Skip to content
March 12, 2021

California Appellate Court Holds That A Liability Insurer’s Failure To Accept A Reasonable Settlement Offer Within Limits Does Not Constitute Bad Faith Per Se

On March 8, 2021, a California appellate court reversed a $9.935 million bad faith verdict against an insurer by drawing a distinction between rejection of a reasonable settlement offer within policy limits and unreasonable rejection of such a settlement offer. In Alexander Pinto v. Farmers Insurance Exchange, 2021 WL 857776 (March 8, 2021), a three judge panel unanimously reversed a jury verdict in favor of the plaintiff and remanded the case to the trial court instructing that a judgment be entered in favor of the insurer.

The lawsuit arose from a March 31, 2013 single car roll-over accident in which one passenger – Alexander Pinto – was rendered a quadriplegic and the car owner – Alaxandrea Martin, also a passenger – suffered brain damage. The accident was apparently the result of the driver, Dana Orcutt, operating the vehicle while under the influence of drugs and/or alcohol. Farmers Insurance Company had issued an auto insurance policy to Martin which had a per occurrence limit of $100,000 and a per person limit of $50,000.

The accident was reported to Farmers on April 9, 2013, which appointed an investigator and subsequently a claims adjuster. After completing its investigation, Farmers tendered its $100,000 policy limits to all injured parties except Orcutt, who was the driver at fault. There is no indication that any of the injured parties accepted the tender. Farmers requested that Orcutt advise if she had other coverage, but she never responded.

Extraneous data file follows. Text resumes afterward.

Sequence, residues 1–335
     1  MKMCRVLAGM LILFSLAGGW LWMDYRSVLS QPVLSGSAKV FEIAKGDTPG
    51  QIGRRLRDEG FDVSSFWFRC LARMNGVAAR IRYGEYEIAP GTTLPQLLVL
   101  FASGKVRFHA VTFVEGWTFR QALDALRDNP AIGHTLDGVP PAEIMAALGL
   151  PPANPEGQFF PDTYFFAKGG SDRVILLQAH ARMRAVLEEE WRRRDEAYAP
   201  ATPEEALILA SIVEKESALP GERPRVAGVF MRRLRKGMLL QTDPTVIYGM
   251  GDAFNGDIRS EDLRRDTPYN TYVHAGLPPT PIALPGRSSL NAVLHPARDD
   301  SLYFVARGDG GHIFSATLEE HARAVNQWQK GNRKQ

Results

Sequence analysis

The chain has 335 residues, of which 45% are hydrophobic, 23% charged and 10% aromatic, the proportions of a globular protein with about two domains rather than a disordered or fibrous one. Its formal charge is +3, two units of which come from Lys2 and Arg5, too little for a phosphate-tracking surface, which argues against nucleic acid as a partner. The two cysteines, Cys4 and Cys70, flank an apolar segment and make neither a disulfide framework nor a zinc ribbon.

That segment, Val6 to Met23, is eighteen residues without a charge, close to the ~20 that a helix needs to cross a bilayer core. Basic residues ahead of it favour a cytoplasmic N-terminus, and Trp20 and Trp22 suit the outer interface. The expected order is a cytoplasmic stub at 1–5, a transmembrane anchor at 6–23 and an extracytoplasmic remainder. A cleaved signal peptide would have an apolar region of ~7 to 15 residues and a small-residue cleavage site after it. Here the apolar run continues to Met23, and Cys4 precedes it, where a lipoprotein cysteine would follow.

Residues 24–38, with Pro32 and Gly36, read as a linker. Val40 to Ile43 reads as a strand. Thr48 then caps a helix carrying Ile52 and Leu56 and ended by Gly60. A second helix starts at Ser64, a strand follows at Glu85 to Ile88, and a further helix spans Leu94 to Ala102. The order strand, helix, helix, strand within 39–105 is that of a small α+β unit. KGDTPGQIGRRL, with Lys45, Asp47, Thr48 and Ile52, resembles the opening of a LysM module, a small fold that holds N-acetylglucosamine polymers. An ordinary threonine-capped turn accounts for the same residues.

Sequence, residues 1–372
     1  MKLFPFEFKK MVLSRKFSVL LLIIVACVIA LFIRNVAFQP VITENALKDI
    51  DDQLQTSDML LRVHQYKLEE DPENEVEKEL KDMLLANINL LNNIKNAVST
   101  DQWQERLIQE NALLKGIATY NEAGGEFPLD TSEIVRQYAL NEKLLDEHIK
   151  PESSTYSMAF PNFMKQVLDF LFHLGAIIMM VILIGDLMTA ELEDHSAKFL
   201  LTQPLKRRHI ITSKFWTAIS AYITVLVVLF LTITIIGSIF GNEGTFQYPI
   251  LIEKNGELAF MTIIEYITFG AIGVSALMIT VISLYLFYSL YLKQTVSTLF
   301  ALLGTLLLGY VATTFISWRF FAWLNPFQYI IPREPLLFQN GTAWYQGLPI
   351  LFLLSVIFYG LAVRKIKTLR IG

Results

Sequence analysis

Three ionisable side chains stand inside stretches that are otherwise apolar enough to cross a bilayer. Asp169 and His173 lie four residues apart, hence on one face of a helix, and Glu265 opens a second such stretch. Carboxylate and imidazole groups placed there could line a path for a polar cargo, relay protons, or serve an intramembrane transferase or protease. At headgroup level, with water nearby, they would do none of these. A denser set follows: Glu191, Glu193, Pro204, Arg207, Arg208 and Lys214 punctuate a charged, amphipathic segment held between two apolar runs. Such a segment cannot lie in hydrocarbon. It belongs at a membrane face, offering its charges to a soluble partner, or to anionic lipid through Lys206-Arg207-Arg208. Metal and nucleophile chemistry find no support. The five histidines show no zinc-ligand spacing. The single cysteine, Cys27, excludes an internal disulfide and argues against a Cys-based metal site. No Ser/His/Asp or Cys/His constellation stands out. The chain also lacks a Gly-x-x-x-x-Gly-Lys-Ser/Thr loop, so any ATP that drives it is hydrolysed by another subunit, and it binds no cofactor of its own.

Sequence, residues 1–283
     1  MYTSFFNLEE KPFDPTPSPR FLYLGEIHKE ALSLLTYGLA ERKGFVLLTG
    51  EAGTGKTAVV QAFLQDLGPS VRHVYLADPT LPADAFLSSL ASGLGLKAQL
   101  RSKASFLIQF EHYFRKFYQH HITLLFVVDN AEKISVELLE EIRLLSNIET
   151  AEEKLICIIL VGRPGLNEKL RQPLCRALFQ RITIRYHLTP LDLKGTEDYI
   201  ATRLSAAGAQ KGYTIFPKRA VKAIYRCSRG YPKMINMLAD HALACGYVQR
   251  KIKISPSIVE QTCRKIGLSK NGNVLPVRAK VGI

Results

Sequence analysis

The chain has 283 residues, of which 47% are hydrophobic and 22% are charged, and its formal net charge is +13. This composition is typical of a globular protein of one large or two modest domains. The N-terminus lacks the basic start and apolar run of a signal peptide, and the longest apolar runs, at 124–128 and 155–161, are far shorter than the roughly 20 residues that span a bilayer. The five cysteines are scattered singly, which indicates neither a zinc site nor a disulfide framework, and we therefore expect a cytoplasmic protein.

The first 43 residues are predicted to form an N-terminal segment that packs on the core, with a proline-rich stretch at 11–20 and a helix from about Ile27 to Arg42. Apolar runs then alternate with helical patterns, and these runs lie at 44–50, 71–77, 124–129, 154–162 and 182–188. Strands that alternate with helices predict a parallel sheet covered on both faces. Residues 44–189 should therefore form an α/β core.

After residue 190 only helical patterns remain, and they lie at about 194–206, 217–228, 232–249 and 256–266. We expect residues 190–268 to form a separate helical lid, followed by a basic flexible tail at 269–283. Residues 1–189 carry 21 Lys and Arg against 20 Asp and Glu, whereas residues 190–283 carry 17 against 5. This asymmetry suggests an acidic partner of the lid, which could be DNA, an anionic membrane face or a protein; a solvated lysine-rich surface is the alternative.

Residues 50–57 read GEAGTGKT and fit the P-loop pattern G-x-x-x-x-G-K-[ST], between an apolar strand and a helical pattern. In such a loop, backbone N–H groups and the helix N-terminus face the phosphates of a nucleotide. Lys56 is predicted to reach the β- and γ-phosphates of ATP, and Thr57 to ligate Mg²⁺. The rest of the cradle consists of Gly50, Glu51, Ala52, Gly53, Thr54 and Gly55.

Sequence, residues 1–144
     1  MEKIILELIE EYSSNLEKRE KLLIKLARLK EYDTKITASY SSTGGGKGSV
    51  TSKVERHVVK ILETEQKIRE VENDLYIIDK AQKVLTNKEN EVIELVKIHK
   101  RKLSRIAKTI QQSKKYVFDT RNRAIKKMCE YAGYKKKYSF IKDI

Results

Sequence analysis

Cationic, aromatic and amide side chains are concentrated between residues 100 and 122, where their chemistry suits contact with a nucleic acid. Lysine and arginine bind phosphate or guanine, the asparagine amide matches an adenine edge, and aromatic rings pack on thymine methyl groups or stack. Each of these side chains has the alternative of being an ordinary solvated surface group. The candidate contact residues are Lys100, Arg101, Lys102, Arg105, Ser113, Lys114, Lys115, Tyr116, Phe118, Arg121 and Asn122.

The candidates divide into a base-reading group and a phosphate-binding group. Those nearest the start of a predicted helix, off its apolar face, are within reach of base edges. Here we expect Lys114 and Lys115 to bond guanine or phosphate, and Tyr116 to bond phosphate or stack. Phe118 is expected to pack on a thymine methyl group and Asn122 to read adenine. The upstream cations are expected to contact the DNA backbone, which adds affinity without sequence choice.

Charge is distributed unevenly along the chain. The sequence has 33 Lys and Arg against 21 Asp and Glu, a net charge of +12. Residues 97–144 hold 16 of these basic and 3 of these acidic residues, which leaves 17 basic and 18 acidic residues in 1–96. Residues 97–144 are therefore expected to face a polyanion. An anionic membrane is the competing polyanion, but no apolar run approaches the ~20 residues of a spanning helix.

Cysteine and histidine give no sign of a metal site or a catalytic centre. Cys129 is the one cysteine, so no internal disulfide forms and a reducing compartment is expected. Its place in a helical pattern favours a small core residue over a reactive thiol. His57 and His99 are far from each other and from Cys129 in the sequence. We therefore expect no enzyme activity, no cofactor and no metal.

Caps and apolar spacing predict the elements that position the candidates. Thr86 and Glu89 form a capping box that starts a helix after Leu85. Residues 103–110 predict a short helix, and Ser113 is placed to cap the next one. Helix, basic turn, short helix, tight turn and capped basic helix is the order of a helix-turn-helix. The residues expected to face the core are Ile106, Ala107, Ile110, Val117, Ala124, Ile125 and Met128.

On July 5, 2019, over six years later, Farmers received a letter from an attorney representing Pinto offering to settle Pinto's claim against Martin for the policy limits. Pinto's offer was contingent on "the insured" providing a release, a declaration that "the insured" had not been acting within the course and scope of employment at the time of the accident, and a copy of any applicable insurance policy. The offer was set to expire on July 16, 2019, 11 days after it was received by Farmers.

Farmers immediately forwarded the settlement demand to both Martin – the named insured – and Orcutt – insured as a permissive driver. After no response from Orcutt, Farmers hired a private investigator who located her. Orcutt advised that she had no other insurance and had not been acting within the course and scope of any employment when the accident happened. Orcutt never responded to Farmers' request for a declaration.

On July 11, 2019, Farmers repeatedly called Pinto's attorney to request an extension of the deadline on the settlement demand, but received no response. Farmers then retained an attorney who faxed a letter to Pinto's counsel on July 15, 2019 tendering the $50,000 per person policy limit. The letter also requested that Pinto clarify that the payment was for the release of both of Farmers' insureds, noting that Farmers could not pay without a release for both. Noting the need for additional time to finalize the non-monetary terms of the settlement, Farmers sought a 30 day extension of the settlement demand.

Pinto's attorney responded by agreeing that the release applied to Martin and Orcutt, but refused to extend the deadline of July 16, 2019. In response, Farmers delivered a letter to Pinto's counsel the next day which enclosed a $50,000 check and a settlement release form. Farmers also faxed a declaration signed by Martin, but was unable to obtain one from Orcutt.